Viewability. It’s one of they key issues facing the online advertising industry, as brands – wary of getting scammed – ask for ever-increasing levels of transparency; with oil giant Shell now asking for FIVE TIMES the industry standard before it pays for online ad space.
The IAB has attempted to lead the way, brokering an ‘industry-wide consensus’ that a viewable ad is one where 50% of the creative was served on screen for one second.
However, one of the world’s most recognisable brands now wants five times that amount before it shells out (pun intended).
The disclosure was made at the IAB RTA (real-time advertising) conference last week, where Americo Campos Silva, Shell International Petroleum Company, global media manager, (pictured right) told delegates he wanted to see significant improvements in the ad tech space, especially when it came to whether or not his brands’ ads were seen by a human being, where exactly his ads were seen.
This echoed the sentiments expressed earlier in the day by Nestle’s digital lead Gawain Owen, who implored his peers to ask their programmatic partners to insist upon log-ins, in a bid to further help shore-up transparency, before memorably pointing out: “Robots can’t buy Kit Kats!“
Shell, which is predominantly a brand advertiser, is equally excited and concerned about programmatic advertising; and, to ensure value is being supplied, it is insisting that publishers and ad tech players alike demonstrate value on their media plans.
‘Buying ads is just like investing in the stock market’
During his presentation, Campos Silva, said: “Of course programmatic is important to us, but what is also important to us is brand safety and transparency. I don’t like the word ‘arbitrage’, to be honest. In terms of viewability, it is an amazing picture that we see.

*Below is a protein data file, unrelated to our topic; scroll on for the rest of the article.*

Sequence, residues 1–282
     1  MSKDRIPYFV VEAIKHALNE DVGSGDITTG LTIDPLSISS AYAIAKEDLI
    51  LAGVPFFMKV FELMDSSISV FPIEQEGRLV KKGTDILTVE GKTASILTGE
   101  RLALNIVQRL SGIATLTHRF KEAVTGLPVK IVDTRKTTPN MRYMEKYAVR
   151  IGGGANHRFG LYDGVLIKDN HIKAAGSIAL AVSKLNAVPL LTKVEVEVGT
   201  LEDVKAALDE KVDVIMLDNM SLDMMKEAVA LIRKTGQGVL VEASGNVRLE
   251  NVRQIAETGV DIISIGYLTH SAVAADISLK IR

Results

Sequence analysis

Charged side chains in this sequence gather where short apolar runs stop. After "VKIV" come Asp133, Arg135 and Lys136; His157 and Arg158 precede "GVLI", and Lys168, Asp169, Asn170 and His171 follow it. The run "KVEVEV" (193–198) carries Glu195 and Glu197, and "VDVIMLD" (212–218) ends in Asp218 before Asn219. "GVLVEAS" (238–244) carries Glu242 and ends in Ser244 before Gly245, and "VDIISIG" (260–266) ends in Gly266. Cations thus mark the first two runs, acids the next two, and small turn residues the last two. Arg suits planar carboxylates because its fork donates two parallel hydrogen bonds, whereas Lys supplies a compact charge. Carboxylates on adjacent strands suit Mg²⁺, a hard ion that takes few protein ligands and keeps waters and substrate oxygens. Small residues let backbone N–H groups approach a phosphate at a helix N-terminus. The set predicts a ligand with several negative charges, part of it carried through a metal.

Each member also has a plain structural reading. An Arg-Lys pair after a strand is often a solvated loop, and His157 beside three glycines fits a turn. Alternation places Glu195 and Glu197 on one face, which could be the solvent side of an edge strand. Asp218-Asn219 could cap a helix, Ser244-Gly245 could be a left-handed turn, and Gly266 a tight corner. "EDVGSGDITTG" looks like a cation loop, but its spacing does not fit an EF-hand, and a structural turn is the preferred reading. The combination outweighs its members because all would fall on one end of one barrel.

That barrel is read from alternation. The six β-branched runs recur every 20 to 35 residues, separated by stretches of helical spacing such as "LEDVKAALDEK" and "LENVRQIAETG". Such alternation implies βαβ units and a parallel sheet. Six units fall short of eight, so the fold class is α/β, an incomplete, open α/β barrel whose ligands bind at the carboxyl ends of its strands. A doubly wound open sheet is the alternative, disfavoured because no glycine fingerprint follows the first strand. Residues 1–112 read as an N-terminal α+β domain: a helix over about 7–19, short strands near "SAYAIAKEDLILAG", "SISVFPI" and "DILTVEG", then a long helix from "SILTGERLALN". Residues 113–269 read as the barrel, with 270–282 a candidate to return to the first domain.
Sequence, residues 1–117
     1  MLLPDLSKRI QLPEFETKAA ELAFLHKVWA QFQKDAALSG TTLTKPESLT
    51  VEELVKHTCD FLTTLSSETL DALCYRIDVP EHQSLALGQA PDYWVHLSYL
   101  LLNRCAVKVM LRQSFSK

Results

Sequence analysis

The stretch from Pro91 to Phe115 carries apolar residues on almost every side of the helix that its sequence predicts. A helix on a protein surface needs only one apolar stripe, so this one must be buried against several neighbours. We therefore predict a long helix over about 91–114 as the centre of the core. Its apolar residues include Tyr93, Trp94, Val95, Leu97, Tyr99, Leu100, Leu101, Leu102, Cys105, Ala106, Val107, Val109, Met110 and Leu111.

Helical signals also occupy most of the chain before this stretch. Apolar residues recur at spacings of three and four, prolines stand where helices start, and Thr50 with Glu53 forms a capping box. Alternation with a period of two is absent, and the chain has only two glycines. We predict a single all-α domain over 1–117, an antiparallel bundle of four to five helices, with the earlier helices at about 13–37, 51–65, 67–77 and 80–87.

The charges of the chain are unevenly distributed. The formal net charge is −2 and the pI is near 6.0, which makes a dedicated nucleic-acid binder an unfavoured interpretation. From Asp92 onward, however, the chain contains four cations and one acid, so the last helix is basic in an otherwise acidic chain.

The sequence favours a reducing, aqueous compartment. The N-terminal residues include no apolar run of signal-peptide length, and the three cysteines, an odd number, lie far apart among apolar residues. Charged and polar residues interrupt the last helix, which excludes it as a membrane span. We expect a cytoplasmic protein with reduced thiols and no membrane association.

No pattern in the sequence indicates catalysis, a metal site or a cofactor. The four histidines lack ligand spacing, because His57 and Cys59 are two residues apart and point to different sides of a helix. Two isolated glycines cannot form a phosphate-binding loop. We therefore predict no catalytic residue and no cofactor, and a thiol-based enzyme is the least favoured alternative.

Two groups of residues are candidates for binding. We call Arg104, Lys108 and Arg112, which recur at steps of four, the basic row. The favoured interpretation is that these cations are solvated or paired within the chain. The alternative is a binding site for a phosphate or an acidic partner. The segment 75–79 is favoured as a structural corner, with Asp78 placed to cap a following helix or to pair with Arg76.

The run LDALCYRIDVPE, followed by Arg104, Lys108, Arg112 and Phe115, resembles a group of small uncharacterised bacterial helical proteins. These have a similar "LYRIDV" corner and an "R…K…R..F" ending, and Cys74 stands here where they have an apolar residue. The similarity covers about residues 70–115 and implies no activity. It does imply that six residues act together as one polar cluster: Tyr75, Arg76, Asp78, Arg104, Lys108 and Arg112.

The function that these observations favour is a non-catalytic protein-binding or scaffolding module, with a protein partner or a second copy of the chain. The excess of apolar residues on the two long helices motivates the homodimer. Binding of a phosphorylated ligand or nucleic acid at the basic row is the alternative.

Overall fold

“What we see from the IAB [in terms of what is a viewable ad] is that the ad has to be seen for a second, but clearly this is not good enough, at least for us. For us, we want to be seen for at least five seconds. I prefer this to the IAB definition [of what is a viewable ad].
“What we have seen through tests with different programmatic suppliers is that there is a correlation with the use of programmatic and decreased levels of viewability. Maybe this is just in our case, but these are our findings.”
Campos Silva added: “I don’t accept ‘one second’ any more in terms of viewability. We are now targeting five seconds for viewability, and that is our benchmark, and our goal.
“As an advertiser, I think about buying advertising the same way as I think about investing money in the stock market, and guess what, I want my ad to perform. However, the problem [with programmatic], is that you buy, but you don’t know what you are buying.
“Some of our agencies (who we trust) also struggle with this,” he said, adding that not all publishers are willing to accept these demands when it comes to viewability.”
He then went on to point out some of the other occurrences of malpractice that had been brought to Shell’s attention, such as instances of ‘invisible ads’ being served on a publishers’ webpage, plus other instances of fraudulent traffic.
“I have one thing to say to publishers, and that is: Please don’t facilitate the fraud. There are a number of things publishers can do to help fight the click farms, they just need to be more careful,” he said, noting that there are a handful of publishers that are working to improve viewability standards.
Paul Gubbins, Millennial Media, head of programmatic, EMEA, (pictured right) was also in attendance at the IAB event, he points out the the IAB’s guidelines are a bare minimum standard, and one that should be used as a base measure only.
He told ExchangeWire: “As a member of the IAB’s Digital Trading Council, I think it’s important to point out that the IAB’s guidance for desktop, that an ad should only be considered viewable if 50% of the ad is served for one second, is not a best practice; it is a required minimum standard that is designed to easily eliminate fraudulent traffic. As an industry, there is of course a collaborative aspiration to ensure that traded digital media goes well beyond this minimum standard.”
Gubbins also points out that further work must be done to address viewability, particularly as audiences migrate to mobile.